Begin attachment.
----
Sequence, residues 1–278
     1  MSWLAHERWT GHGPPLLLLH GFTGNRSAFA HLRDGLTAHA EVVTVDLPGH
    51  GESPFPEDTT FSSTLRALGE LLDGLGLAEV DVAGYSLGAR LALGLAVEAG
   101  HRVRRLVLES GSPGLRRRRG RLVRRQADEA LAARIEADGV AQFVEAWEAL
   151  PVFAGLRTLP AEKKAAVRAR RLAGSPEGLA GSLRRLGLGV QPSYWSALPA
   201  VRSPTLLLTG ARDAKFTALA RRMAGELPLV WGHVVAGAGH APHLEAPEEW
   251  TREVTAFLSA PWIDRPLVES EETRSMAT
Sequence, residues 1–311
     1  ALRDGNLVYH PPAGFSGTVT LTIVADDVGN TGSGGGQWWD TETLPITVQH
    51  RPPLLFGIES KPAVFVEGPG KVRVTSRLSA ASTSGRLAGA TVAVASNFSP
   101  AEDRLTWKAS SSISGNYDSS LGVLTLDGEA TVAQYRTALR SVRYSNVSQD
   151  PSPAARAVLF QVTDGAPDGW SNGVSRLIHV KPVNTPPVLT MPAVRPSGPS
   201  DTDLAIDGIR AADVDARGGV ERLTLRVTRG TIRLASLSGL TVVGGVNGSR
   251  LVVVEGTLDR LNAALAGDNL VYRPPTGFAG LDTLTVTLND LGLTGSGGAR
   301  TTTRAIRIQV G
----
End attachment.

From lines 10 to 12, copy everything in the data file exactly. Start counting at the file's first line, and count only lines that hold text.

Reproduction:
    51  RPPLLFGIES KPAVFVEGPG KVRVTSRLSA ASTSGRLAGA TVAVASNFSP
   101  AEDRLTWKAS SSISGNYDSS LGVLTLDGEA TVAQYRTALR SVRYSNVSQD
   151  PSPAARAVLF QVTDGAPDGW SNGVSRLIHV KPVNTPPVLT MPAVRPSGPS